In The Hindi Public Sphere 1920-1940: Language and Literature in the Age of Nationalism (Oxford University Press, 2009, pp. 5-6), Orsini, examining the trajectory of Hindi in the 19th and early 20th centuries, explains the later stages of standardisation through the work of the two towering figures of this process, Bharatendu Harishchandra (1850-1885) and Mahavir Prasad Dvivedi (1864-1938),
“Nineteenth-century writers like Hariśchandra and his circle, while embracing the aim of unity and reform, had actually drawn on all the resources of the language and the various literary traditions in their own creative writing – they used the colloquial spoken language and concrete metaphors in a way that retained the particularity of language use, so that the caste, region, and profession of every character showed in their language … A generation. later Mahāvīr Prasād Dvivedī did exactly the opposite, and exhorted other writers to do so too. By purging print-language of colloquialisms, regional usages and ‘Urdu’ words, by privileging abstract over concrete words and making Sanskrit loanwords the rule, and by fixing syntax along regular subject-object-verb lines, Dvivedī ‘standardized’ Hindi into a sober written language.”
Mahavir Prasad Dvivedi (1864-1938). Source: https://images.assettype.com/indynetwork%2F2019-09%2F22c24e01-20df-4cc9-a3a4-b0638bfa1f0c%2FMP_Dwivedi_2.jpg?w=1170
Orsini’s more recent study of multilingual north India, ‘Between Qasbas and Cities’, calls for a reassessment of the role of Fort William College,
“Rather than a story of momentous literary and linguistic break with the past in the context of Calcutta’s ‘colonial modern,’ then, Fort William College becomes a story of remarkable literary continuity with the literary culture of eighteenth-century North India.”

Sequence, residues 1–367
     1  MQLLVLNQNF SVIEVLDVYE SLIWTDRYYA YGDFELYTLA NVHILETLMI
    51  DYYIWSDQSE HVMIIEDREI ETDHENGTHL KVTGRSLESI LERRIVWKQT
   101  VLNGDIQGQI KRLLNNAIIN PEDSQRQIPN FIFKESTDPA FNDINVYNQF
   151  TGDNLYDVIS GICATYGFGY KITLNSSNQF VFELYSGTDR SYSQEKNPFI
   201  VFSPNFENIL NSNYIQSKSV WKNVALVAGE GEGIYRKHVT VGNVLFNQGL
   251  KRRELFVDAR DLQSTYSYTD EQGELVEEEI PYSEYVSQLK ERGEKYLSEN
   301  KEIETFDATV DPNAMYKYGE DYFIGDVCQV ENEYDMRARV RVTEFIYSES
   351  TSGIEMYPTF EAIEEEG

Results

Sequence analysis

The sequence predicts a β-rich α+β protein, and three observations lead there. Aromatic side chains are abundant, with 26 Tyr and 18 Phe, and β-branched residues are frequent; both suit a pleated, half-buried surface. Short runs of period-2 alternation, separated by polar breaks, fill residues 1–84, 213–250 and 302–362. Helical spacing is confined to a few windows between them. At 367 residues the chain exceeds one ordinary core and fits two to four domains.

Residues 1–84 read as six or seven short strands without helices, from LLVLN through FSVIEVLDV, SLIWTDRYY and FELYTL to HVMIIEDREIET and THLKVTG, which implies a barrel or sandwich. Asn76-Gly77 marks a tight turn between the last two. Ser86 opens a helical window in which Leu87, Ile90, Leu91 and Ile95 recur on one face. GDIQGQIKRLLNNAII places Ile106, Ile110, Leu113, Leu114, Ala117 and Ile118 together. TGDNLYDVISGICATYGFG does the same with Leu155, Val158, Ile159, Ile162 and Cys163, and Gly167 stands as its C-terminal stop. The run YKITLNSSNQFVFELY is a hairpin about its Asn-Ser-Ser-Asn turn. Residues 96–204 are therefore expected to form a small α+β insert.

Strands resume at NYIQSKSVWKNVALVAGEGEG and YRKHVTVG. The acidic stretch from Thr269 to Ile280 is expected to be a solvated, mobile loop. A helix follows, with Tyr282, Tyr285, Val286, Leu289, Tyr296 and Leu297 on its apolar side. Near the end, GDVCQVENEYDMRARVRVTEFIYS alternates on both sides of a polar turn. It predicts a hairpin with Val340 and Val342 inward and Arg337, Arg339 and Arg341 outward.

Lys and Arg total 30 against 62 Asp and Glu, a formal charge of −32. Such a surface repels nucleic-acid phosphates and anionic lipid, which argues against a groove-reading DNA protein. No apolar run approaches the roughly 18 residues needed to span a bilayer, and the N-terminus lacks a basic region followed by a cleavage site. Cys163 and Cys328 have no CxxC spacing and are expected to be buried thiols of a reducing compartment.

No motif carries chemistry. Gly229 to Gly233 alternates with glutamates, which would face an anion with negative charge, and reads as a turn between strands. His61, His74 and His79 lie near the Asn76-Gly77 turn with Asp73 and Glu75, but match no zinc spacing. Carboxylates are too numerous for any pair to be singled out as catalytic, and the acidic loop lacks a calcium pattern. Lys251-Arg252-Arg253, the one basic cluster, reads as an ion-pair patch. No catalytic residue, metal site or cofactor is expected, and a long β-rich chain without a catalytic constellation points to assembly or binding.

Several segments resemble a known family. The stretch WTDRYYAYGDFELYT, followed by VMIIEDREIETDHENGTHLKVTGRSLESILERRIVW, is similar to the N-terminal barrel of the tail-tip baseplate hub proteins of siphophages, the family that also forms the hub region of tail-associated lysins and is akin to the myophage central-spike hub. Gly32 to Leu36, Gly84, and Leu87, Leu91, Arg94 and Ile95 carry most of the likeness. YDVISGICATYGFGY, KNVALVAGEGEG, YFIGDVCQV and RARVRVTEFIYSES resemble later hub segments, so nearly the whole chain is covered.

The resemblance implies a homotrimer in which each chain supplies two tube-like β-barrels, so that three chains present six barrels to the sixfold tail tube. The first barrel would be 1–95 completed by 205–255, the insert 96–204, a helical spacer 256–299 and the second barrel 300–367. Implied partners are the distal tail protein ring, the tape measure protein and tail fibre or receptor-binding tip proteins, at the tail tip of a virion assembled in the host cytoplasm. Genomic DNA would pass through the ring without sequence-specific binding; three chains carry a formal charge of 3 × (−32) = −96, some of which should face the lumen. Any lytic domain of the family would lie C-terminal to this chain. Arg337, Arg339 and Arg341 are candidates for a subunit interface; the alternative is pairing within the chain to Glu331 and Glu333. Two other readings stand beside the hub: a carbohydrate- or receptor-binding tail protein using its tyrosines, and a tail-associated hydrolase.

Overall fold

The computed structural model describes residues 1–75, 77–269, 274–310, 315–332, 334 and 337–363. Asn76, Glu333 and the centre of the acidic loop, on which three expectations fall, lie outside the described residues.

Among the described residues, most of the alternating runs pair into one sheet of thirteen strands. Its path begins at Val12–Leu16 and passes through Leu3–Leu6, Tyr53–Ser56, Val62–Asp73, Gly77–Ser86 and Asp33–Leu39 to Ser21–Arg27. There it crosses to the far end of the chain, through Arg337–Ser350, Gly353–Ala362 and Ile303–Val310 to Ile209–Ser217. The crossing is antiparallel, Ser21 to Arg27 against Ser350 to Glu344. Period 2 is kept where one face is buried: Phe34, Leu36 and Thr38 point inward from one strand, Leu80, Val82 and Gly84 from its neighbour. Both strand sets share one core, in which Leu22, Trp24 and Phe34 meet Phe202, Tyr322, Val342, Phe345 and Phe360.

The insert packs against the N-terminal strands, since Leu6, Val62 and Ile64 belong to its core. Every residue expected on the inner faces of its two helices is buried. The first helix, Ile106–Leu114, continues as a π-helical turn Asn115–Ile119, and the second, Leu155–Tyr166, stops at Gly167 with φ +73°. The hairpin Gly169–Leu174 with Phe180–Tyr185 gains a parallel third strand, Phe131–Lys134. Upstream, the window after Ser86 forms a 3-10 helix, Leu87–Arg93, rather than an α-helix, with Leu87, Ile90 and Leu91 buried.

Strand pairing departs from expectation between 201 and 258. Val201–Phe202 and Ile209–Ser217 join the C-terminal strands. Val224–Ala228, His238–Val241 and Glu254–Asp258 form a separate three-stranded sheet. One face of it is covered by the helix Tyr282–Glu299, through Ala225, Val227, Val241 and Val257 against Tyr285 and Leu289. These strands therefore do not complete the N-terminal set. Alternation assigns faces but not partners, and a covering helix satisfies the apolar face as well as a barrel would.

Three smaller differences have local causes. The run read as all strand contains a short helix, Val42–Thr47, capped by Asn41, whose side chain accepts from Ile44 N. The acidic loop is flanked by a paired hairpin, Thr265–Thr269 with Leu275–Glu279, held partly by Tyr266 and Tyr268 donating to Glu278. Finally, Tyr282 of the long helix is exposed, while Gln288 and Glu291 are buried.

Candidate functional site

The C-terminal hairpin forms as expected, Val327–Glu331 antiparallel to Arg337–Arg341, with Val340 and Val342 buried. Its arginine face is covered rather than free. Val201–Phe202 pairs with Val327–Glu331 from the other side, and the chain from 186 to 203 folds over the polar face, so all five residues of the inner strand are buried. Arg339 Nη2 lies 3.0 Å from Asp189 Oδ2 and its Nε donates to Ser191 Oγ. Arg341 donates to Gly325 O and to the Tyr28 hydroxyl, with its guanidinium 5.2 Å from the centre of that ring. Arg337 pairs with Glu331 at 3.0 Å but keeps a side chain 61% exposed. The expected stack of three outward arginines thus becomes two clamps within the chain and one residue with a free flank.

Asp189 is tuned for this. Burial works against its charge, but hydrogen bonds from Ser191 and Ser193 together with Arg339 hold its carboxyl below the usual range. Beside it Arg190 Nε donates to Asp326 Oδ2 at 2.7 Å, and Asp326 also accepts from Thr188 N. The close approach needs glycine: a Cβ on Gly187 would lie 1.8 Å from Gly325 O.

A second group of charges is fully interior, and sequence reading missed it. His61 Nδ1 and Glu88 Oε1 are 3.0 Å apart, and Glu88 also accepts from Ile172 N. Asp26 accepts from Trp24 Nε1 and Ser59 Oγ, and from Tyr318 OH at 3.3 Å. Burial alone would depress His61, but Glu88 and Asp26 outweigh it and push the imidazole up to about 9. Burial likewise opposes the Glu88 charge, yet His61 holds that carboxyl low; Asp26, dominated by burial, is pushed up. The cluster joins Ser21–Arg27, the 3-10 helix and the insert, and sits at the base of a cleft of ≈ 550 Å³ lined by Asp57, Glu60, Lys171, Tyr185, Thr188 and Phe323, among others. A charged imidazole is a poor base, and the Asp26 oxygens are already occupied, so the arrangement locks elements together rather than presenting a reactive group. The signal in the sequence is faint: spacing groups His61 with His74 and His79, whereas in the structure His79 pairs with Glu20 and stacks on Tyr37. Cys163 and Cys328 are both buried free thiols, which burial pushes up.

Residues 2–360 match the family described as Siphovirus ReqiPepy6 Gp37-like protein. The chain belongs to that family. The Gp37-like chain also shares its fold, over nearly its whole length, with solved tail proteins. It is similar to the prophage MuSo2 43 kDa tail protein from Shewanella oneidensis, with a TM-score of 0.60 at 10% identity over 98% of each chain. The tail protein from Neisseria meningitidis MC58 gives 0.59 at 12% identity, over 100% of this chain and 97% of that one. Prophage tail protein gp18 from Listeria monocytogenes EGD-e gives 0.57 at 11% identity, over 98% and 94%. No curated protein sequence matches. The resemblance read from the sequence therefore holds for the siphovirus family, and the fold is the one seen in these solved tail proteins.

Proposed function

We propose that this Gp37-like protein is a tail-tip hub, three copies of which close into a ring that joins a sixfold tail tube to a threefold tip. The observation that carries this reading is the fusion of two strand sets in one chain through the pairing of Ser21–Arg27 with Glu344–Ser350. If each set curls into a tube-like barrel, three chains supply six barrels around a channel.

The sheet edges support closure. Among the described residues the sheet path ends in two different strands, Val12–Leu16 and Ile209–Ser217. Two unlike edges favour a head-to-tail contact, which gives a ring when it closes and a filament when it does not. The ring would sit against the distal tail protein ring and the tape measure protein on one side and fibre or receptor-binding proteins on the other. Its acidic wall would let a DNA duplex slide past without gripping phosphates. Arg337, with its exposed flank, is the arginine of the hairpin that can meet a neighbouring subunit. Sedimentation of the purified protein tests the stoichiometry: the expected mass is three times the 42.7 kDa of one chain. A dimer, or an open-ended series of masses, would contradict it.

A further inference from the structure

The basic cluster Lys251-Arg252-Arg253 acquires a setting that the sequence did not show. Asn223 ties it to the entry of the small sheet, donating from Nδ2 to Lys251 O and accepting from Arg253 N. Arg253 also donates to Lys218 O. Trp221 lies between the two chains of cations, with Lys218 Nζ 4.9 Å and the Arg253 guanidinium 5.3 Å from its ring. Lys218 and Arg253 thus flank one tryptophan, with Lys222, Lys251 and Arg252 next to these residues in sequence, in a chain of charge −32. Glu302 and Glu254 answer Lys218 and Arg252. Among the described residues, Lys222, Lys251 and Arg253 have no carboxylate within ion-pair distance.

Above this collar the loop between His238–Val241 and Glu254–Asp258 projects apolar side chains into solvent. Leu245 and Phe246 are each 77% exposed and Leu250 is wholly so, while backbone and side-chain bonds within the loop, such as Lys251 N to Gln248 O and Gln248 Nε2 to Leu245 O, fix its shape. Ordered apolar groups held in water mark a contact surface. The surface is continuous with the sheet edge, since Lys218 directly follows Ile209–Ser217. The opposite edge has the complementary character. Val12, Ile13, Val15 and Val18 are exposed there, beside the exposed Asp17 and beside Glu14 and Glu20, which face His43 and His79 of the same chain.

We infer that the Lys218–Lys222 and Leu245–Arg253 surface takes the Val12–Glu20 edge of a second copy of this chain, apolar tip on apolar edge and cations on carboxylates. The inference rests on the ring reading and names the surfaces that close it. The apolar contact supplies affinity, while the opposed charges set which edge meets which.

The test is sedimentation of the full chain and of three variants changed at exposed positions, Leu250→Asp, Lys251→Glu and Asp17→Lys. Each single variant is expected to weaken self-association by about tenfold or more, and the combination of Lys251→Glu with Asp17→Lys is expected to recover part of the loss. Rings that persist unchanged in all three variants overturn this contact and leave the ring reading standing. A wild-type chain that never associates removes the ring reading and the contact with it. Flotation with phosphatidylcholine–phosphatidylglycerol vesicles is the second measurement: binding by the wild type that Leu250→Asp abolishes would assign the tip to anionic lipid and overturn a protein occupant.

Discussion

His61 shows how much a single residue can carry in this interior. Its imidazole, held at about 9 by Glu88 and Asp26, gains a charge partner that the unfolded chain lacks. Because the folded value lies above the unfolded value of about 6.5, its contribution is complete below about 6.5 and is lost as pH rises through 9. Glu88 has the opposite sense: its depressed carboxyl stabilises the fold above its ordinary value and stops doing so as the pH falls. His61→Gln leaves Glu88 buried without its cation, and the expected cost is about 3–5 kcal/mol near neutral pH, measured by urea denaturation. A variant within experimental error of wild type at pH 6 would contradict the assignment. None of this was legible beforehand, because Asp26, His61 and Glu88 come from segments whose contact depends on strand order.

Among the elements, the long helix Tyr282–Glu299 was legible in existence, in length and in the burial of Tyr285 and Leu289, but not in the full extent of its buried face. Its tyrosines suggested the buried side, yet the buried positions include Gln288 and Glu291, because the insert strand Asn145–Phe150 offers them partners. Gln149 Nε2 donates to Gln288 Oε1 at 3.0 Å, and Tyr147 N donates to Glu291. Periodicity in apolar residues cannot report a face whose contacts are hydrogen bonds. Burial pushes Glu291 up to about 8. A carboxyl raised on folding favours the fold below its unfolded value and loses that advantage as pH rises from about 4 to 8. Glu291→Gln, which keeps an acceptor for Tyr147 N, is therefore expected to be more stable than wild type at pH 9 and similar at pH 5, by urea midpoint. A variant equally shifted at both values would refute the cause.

Furthermore, Orsini observes a new turn in historiography that can also be applied to language development,
“while historiography has come to a more gradual view of the colonial takeover and emphasises the dynamic role played by groups and individuals who took advantage of the political vacuum in competition and collaboration with the increasingly powerful East India Company (EIC), literary historiography still starkly narrates the turn from pre-colonial to colonial culture as a complete epistemic shift.”
There are, however, more interesting questions at play than the role of the British in the development of Hindi and other north Indian languages. I will touch briefly on two of them: the lack of clarity in terminology when talking about what a language is, and the parallel trajectories of north Indian languages.
What is a language? In popular usage, language often refers to a singular speech form. However, in a linguistic sense, language is an umbrella term for a plethora of speech forms, styles, registers, dialects, sociolects and so on. Many of these forms would in popular use be considered as languages in themselves. Thus, we can speak of Premchand’s language when referring to his style, or of Haryanvi language when referring to a dialect (or a group of dialects).
Those who reject the pre-colonial tradition of Hindi appear to use double standards for Hindi and other languages. Languages change over the times, Ćalit bhāṣā, that is, modern Bangla, is different from Sādhu bhāṣā, the language of Bankimchandra, which is different from the classical Bengali of the great Mangalkabyas and of Krishnadas Kabiraj, which in turn is different from the archaic Śrīkṛṣṇakīrtana of Badu Chandidas and from the Persianised Dobhāṣī or Musalmani Bangla.
Linguistic distance, although not measured in India diachronically, and rather referred to anecdotally, cannot be an argument to cut off earlier language forms. The language of works such as the Hindustani Sanandh is not further removed from modern usage than the language of the Manasāmaṅgal, the Eknāthī Bhāgavat or the Amuktamālyada in Bengali, Marathi and Telugu, respectively. On digging deeper, we may find that the linguistic distance between the earliest layers of Namdev’s bhajans or Badu Chandidas’s Śrīkṛṣṇakīrtan is no less than the linguistic distance between Avadhi/Brajbhasha and Modern Hindi. Moreover, poetic language in India can at times be so literarised that it is incomprehensible without special studies. The highly Sanskritised poetry of some of the most outstanding early Telugu poets, such as Nannayya, Shrinathudu or Peddana, lucidly illustrates this.